Sunday, December 24, 2006

Holiday Cheer

I haven't been in much in the last few months as work has been beastly.

However, I would like to wish everyone a good Christmas Holiday and a better New Year.

My thoughts go out to those who are away from their families, working in the marine industry.
I hope the day is a flat calm for you all.

Cheers and Regards to all.

Friday, December 08, 2006

Semi Submersible becomes Fully Submersible

Received by Email from sources, with picture. Thanks....

"Yesterday the carrier vessel that had recently arrived off Luanda with the Global Sante Fe Drill Rig "Aleutian Key", moved to deeper water to ballast down and float the Key and in approximately 18 metres of water the operation began.

Unfortunately the operation could not be stopped once started and the carrier vessel now lies at the bottom of the sea.

No need for ROV assistance to locate the vessel as the top of the crane
can be seen protruding from the surface."

The press release goes like this...

On the morning of December 6, 2006, the semisubmersible vessel Mighty Servant 3 developed a list and sank after the offloading of the drilling rig, GSF Aleutian Key. The vessel is resting at the sea bottom in approximately 62 meters of water. The drilling rig did not sustain any damage and is underway to its drilling location.

All of the 21 crew of the vessel have been taken off the vessel and are on their way to the Port of Luanda on board of one of the supporting vessels on stand by during the offloading. The 83 crew of the drilling rig were all safely on board of the drilling platform at the moment of the incident.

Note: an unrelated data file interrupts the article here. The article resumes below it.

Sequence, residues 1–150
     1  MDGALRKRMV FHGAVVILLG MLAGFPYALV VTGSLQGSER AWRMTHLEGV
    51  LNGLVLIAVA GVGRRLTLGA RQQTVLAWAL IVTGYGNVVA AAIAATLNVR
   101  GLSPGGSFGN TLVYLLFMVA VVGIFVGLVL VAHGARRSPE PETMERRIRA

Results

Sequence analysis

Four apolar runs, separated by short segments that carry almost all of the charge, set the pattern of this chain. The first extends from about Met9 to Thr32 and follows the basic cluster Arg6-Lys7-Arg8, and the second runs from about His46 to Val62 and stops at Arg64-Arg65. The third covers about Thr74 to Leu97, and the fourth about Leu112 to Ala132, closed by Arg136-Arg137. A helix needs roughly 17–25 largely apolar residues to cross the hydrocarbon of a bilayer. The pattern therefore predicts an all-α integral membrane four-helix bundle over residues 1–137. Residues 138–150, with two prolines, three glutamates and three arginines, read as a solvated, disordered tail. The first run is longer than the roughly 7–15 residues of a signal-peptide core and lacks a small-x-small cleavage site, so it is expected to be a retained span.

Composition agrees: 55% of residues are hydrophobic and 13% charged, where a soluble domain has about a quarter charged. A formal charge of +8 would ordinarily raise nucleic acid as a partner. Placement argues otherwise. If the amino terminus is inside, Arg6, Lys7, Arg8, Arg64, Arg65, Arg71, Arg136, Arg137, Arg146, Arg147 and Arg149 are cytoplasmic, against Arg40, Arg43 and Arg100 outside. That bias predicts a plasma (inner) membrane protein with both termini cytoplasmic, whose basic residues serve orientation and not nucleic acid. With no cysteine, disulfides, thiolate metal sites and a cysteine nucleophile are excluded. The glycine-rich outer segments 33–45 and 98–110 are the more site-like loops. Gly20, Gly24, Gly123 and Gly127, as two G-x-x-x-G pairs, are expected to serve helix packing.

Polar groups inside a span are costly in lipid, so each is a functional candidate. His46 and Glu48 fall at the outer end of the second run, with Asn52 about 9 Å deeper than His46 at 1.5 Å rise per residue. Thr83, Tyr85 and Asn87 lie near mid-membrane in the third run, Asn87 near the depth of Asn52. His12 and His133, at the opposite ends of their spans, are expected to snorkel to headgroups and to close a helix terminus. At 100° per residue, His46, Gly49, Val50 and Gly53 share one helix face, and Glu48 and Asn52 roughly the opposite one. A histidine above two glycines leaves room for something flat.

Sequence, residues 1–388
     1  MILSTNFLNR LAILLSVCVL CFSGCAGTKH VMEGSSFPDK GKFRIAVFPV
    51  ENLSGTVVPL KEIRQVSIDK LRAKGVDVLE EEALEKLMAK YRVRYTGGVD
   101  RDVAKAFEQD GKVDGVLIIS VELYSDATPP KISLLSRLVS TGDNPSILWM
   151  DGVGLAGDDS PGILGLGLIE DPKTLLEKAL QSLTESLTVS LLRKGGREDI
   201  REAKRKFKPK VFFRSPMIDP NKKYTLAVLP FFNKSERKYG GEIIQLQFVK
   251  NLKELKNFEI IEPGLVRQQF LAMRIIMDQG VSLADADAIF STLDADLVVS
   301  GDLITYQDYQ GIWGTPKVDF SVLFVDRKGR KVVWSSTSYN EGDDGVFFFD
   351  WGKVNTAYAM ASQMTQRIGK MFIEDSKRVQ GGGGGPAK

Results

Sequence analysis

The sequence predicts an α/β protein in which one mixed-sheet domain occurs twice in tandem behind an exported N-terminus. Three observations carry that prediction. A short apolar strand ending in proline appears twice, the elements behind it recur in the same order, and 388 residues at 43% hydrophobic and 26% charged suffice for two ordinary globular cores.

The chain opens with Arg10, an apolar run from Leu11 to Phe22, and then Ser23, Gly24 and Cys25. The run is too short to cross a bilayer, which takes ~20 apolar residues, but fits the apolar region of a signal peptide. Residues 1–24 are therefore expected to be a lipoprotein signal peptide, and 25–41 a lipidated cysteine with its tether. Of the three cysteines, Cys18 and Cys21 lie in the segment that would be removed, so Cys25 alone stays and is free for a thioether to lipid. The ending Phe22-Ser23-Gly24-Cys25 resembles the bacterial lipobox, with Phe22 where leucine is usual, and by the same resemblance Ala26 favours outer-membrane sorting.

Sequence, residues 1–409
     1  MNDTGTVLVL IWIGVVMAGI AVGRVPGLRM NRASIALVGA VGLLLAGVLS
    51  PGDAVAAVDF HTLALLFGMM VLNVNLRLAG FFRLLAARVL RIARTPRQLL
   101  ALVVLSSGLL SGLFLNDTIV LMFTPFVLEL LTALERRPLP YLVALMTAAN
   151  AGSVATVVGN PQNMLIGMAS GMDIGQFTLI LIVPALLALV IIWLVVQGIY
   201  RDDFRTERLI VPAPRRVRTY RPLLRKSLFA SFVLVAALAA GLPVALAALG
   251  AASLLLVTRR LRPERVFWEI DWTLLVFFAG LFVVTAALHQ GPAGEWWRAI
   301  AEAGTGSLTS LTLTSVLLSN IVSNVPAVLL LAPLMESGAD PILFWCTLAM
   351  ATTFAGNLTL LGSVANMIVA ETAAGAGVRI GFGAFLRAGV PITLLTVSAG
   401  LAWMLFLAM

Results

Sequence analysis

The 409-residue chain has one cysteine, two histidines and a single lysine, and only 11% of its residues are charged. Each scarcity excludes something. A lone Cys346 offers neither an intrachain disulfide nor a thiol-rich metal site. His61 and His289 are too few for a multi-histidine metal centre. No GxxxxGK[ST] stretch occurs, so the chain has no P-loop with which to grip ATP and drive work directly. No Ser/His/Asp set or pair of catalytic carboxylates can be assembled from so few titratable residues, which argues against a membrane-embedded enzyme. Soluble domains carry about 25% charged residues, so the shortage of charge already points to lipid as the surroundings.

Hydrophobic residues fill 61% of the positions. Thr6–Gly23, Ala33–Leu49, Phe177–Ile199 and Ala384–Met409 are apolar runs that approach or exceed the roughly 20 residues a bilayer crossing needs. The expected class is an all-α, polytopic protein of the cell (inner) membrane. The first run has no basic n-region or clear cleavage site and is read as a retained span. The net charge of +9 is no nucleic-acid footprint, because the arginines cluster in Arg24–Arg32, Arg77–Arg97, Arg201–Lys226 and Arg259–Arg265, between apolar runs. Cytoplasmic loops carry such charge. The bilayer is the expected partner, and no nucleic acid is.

The vessel is approximately one mile off the North Angolan coast and very close to the entrance of the port of Luanda. Local authorities have been informed and are assisting in the response effort.

The cause of the incident is not known at this time, but is being investigated.

The 27,720 dwt. vessel is Dutch flagged and sails with a combination of Dutch and Filipino crew. Families of the crew members have been informed. Crew members will be repatriated to their home destinations as soon as possible.

The Mighty Servant 3 has an open deck of 40 metres wide and 140 metres long. The vessel can move cargoes weighing up to 25,000 tons.

Mighty Servant 3 is equipped with a counter weight system enabling use of the ship's horizontal semisubmersible capabilities without using the aft buoyancy casings. The Mighty Servant 3 is capable of loading/discharging floating cargoes overhanging all three sides of the 40 meter-wide cargo deck.

Thursday, December 07, 2006

Fresh from a battle with a Beatle, Danny Williams offers BC advice

B.C.'s offshore resources would 'transform' province
The benefits would be enormous, chamber lunch told
Scott Simpson, Vancouver Sun, November 28, 2006

British Columbia's vast offshore oil and natural gas resources should be recognized and developed as one of Canada's best opportunities for economic growth, Newfoundland and Labrador Premier Danny Williams told a receptive audience at a B.C. Chamber of Commerce luncheon on Monday.

Williams, one-time president of an offshore oil and gas company working off Canada's fossil-fuel-rich east coast, said it would be easy to adopt a pessimistic attitude and shy away from the rich opportunity off B.C.'s coast.

But he said the opportunities are too great to ignore, and that the industry can develop in a way that will minimize adverse environmental impacts.